By Tom Roberts
Occasionally some good brother or sister will object to militant preaching or writing and suggest that we should have more “brotherly love, concern and gentleness” for one another than to be direct and critical in opposing others. I suggest, with all brotherly love, concern, and gentleness, that such good brethren have never experienced being on “the firing line” and do not realize what is involved in fighting for truth.
How wonderful it would be if every person on earth had a tender conscience! All that would be required to convert them to Christ would be a simple explanation of the gospel. But the fact remains that not every one has a tender conscience and not everyone is interested in following the Lord. It is a rather naive view that sees every person as willing and ready to obey, eager to follow the Bible. It is absolutely essential to understand that there are false teachers (both in and out of the church), hardened consciences, overbearing personalities, perverters of truth, and people with no scruples who are willing and able to lead the unwary astray. Jesus Christ met such people in His day, the apostles had to deal with them, and so will we. If you think strong preaching is unChrist-like, read Matthew 23. If you think it is wrong to be specific against false teachers, read 2 Timothy 1:20, et al. Paul did not refer to some of his companion preachers as “fellow-soldiers” for nothing. They were on the firing line, engaged in a battle for truth and souls, and they were ready for the battle.
What would you think of a city council or mayor that told all the policemen to empty their guns, lay down their weapons and patrol the crime-ridden sections of the city with “brotherly love, concern and gentleness”? How far do you think a policeman would get by approaching a drug-crazed thug with a smile and “positive thoughts”? How long will a robber sit still while a law enforcement officer discusses the Beatitudes? Even the all-merciful Father recognized the need to meet criminals with force and ordained the government to bear not the sword in vain (Rom. 13). But, someone says, “It is different in religious matters.” Is it? If you think so, you have missed a vital point.
Just as there is a criminal element in our society that is beyond the reach of social rehabilitation, there are religious frauds, false teachers, determined errorists who are set on getting their way and who will not be stopped short of open confrontation. If you think otherwise, it is your lack of experience talking. True, there are still some who are honestly in error who can be reached and we must always arrange our approach to people according to their needs. if we fail to do this, we will drive honest seekers away from the truth. But when we allow false teachers to operate freely without opposition because we feel compelled to deal with them gently, we give them a deadly advantage.
A soldier on the firing line must know the enemy. He must deal effectively with such when they appeal. People living back in the countryside away from the firing lines live tranquil and quiet lives because of the diligence of that soldier on the firing line. They have little room to criticize his militant behavior; their safety depends on it. Even so, members of the church who enjoy the fellowship of a faithful church and unity of the local brethren should not criticize those who face the firing line and defend the cause of truth against the dedicated false teacher. Nor should we forget that there are times when “wolves” invade the local church and would “devour the flock” (Acts 20:28ff). When this happens, there must be men willing to stand and face the enemy or the local church will be destroyed. Sweetness and smiles have little effectiveness in such situations; rather they call for the “sword of the spirit” and the “whole armor of God. ” There are times to fight as well as quiet times for worship.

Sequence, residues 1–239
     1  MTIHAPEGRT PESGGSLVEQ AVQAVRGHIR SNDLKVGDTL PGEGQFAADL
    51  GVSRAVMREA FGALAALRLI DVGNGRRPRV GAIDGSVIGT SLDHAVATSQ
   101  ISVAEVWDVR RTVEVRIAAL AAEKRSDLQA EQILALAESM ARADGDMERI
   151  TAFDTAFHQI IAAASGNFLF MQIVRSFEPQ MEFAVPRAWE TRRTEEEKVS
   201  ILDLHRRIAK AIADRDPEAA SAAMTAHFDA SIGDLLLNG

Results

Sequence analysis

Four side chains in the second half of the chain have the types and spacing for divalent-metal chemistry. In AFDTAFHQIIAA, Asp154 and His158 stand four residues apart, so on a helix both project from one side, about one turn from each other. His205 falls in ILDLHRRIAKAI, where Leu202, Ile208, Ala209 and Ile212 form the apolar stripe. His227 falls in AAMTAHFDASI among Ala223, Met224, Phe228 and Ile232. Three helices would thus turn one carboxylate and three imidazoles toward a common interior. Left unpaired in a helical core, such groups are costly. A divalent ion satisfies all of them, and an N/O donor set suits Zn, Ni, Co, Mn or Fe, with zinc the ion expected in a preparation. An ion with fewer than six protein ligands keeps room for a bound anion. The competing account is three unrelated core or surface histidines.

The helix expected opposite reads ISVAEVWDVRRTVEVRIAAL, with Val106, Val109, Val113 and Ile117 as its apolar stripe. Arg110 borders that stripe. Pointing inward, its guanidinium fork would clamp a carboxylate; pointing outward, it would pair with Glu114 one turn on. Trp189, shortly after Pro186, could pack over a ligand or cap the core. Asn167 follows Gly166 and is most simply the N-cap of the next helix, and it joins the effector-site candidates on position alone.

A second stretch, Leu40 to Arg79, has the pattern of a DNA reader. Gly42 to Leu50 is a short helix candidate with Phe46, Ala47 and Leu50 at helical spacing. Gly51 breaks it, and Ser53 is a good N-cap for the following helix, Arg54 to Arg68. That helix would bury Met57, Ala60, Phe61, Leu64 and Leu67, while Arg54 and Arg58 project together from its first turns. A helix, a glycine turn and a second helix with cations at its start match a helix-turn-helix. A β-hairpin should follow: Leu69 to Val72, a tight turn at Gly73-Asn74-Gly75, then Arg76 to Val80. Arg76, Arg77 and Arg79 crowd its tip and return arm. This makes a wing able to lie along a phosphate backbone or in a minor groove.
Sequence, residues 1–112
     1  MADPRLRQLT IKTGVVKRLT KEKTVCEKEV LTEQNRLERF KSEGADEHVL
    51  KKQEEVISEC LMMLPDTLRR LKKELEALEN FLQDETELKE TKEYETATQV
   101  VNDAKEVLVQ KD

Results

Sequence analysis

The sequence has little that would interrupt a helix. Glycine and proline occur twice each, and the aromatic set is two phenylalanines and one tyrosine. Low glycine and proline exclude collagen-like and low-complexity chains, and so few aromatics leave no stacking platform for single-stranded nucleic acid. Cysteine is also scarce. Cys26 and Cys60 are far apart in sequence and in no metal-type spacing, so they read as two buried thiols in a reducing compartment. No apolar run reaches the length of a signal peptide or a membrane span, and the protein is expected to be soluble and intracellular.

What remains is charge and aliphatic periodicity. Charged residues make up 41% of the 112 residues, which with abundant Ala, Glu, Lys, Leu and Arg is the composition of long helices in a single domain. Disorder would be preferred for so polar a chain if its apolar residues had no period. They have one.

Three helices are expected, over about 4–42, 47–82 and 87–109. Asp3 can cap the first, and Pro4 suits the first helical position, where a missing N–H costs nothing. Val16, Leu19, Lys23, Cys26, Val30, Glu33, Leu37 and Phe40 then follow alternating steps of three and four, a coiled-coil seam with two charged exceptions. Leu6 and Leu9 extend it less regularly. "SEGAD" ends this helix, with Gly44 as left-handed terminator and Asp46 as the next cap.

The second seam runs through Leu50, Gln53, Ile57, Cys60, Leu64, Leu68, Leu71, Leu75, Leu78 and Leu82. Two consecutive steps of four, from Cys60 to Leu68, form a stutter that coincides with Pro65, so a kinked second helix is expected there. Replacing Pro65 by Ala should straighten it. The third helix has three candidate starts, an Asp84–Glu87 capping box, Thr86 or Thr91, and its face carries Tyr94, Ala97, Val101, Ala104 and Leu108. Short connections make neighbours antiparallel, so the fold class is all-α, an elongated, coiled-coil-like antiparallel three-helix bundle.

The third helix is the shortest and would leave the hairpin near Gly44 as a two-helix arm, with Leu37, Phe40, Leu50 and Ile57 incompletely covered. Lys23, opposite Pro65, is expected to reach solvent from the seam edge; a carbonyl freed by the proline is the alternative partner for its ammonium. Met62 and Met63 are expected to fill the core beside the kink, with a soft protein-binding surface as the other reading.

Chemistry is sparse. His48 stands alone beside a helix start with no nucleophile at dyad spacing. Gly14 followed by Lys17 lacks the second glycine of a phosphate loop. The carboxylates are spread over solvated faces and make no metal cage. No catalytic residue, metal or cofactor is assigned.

When people object to strong teaching, I wonder what would have happened if they had lived in the days of Paul. Paul had his enemies, you know. They accused this wonderful soldier of the cross of being overbearing, of taking too much authority upon himself, of being caustic in his writings. What would you have said to these people? “Yes, I think Paul should be sweeter. I wish he would not say such harsh things.” Would that be your attitude? I remind you that Paul spoke because God put the words in his mouth. “I think God should be sweeter. I wish God would not say such harsh things.” Does this put a different light on it? If the Lord could love all men equally well and yet stand against false teachers, we should not be otherwise.
Standing on the firing line is dangerous enough, with the enemy in front of you. But it becomes doubly dangerous when brethren standing safely behind the lines take pot-shots at you because they think you too militant. One enemy at a time is enough, thank you. Brethren, we need men and women of courage. We must remember that there are “many false prophets gone out into the world” (1 John 4:1). When they appear they must be met and overcome. If you are not willing to face the enemy, don’t tie the hands of those who are willing to do so. Support them. Encourage them. And remember – if men on the firing line lose their battle it will be on your doorstep next. Who’ll fight the wolves then?
Guardian of Truth XXVIII: 16, pp. 481, 499
August 16, 1984